### Students Waiting for Answers and Teachers Waiting for Thinking

In a continuation of working on linear equations using an input output table I was baffled by a students want for me to spoon feed them the answer. Now this is not the first time in my short educational career where this has happened, but it frustrates me. How can a student go from Kindergarten to 7th grade and not be taught to think.

As educators are we apt to give students the answers when they pressure us to with the words "I don't know" and "I don't get it" and then throw on their best sad/upset face? While at the same time a kid across the room is demanding our attention for misbehavior edging us to cave to the sad face with a quick response of the answer.

The problem was as such y=3x with a table

1

2

3

Now we had spent over three days talking about substitution, doing example problems, and physically graphing these lines on the side walk as human points.

The dialogue went as such: "Alright what should Y be?" "I don't know" "Ok remember we substitute the X value or number for where the x is in the equation then do the math" "I don't get it" "Ok what does it mean when we substitute and what does it mean when we write a number next to a letter" ...The student answers both of these questions correctly. Then I proceed to ask what Y would be, and get the sad/upset face with the I don't get it and the death glare like it is my fault for not simply stating the answer.

I turned to the student and said I am not going to tell you what Y is. I want you to try and a think about it come up with a guess or a reasoning. In return I received more of the death glare and the student threw the pencil on the table.

Was my behavior inappropriate in waiting for the student to try to figure it out? Perhaps, but at what point do we teach students to problem solve, experiment with the ideas, and connect concepts they have learned in class? This student knew what substitution meant and that 3x means 3 times x or 3 times a mystery number, but what I have come discover as many others before me this student wanted me to give them the answer to not have to think or process.

As adults we frequently let students/children down by not having them work through their frustration, not having them think, or process to at least a reasonable guess. Telling an immediate answer wouldn't reveal any misunderstandings that the student had. When asked what she didn't get she would respond with a simple I don't know.

This think time and perseverance in attempting to solve a problem needs to be include far more often in education. If a student knows she can turn to another teacher later and get the direct answer will they think for me? A constant battle.

Simply stated we need to teach students to think critically and not just go through the motions, and to apply their critical thinking to problem solving.

As educators are we apt to give students the answers when they pressure us to with the words "I don't know" and "I don't get it" and then throw on their best sad/upset face? While at the same time a kid across the room is demanding our attention for misbehavior edging us to cave to the sad face with a quick response of the answer.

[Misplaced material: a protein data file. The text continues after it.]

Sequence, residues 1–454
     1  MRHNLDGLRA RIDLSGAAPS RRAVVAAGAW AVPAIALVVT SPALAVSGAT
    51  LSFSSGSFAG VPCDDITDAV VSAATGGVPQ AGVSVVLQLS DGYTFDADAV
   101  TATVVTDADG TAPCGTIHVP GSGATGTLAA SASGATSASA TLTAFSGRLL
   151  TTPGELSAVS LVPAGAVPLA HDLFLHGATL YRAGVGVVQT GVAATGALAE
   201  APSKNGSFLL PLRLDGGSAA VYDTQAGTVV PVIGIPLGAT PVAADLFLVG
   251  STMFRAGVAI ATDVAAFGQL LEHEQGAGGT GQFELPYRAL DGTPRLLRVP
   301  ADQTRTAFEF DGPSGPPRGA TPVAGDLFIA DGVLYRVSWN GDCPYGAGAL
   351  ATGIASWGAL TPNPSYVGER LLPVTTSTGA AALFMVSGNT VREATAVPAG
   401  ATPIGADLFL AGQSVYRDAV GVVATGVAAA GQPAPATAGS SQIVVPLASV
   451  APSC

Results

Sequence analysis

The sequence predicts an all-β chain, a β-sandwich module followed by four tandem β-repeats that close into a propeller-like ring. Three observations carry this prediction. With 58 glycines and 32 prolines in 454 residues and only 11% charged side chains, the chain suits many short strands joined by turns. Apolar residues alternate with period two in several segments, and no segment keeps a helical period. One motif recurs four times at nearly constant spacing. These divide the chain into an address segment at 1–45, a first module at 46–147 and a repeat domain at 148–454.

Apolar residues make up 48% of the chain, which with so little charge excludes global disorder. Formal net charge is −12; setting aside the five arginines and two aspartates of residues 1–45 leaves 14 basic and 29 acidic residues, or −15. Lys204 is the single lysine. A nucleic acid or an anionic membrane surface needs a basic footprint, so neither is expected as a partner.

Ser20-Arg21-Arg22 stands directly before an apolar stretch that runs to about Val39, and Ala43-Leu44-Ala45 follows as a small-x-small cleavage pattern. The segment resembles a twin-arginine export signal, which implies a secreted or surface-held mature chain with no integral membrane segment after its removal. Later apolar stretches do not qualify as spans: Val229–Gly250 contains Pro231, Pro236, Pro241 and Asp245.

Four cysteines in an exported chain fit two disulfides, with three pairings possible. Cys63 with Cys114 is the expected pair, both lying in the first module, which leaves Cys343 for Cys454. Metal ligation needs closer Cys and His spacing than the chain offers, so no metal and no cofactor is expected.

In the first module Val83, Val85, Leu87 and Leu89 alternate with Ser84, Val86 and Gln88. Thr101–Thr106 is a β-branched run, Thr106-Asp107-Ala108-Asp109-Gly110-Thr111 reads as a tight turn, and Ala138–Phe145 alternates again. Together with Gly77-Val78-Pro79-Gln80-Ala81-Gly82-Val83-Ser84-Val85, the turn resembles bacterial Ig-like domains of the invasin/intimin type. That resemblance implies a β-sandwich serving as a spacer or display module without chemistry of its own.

The problem was as such y=3x with a table

__X Y__1

2

3

Now we had spent over three days talking about substitution, doing example problems, and physically graphing these lines on the side walk as human points.

The dialogue went as such: "Alright what should Y be?" "I don't know" "Ok remember we substitute the X value or number for where the x is in the equation then do the math" "I don't get it" "Ok what does it mean when we substitute and what does it mean when we write a number next to a letter" ...The student answers both of these questions correctly. Then I proceed to ask what Y would be, and get the sad/upset face with the I don't get it and the death glare like it is my fault for not simply stating the answer.

I turned to the student and said I am not going to tell you what Y is. I want you to try and a think about it come up with a guess or a reasoning. In return I received more of the death glare and the student threw the pencil on the table.

Was my behavior inappropriate in waiting for the student to try to figure it out? Perhaps, but at what point do we teach students to problem solve, experiment with the ideas, and connect concepts they have learned in class? This student knew what substitution meant and that 3x means 3 times x or 3 times a mystery number, but what I have come discover as many others before me this student wanted me to give them the answer to not have to think or process.

As adults we frequently let students/children down by not having them work through their frustration, not having them think, or process to at least a reasonable guess. Telling an immediate answer wouldn't reveal any misunderstandings that the student had. When asked what she didn't get she would respond with a simple I don't know.

This think time and perseverance in attempting to solve a problem needs to be include far more often in education. If a student knows she can turn to another teacher later and get the direct answer will they think for me? A constant battle.

Simply stated we need to teach students to think critically and not just go through the motions, and to apply their critical thinking to problem solving.

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